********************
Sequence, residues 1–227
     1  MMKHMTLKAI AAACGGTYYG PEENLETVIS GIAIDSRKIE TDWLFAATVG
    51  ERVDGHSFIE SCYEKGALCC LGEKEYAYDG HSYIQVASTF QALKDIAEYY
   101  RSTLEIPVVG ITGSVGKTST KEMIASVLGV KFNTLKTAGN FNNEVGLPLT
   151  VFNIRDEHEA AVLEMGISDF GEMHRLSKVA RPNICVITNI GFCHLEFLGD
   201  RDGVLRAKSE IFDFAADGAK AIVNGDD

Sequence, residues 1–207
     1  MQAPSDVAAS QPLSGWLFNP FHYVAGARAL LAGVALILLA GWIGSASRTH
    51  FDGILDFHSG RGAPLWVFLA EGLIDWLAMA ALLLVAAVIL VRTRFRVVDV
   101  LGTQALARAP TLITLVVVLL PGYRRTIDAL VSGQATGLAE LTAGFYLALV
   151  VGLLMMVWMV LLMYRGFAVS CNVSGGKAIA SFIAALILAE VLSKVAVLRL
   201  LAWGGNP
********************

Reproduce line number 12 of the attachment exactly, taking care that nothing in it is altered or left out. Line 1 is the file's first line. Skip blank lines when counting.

   201  LAWGGNP